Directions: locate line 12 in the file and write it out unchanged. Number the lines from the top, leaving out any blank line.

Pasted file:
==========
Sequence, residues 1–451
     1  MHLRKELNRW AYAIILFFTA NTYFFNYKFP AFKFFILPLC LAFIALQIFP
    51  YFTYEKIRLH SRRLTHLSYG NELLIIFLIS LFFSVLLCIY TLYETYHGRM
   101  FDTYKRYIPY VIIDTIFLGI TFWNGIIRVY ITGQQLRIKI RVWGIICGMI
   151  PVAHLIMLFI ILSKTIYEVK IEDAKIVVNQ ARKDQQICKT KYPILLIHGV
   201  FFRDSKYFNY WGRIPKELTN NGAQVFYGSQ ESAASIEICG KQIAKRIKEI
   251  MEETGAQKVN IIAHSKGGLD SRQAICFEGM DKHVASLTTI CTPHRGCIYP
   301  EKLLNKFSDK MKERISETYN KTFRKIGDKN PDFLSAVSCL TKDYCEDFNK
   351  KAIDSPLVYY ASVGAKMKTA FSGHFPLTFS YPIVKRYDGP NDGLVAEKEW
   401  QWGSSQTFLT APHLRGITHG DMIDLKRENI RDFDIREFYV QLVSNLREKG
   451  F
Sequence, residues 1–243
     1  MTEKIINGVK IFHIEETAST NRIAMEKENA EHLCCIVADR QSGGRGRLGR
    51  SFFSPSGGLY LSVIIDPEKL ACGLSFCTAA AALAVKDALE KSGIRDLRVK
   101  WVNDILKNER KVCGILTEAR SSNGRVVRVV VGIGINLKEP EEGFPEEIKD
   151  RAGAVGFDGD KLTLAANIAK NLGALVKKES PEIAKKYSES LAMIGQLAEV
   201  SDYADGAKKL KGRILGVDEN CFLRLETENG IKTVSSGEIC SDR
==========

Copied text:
Sequence, residues 1–243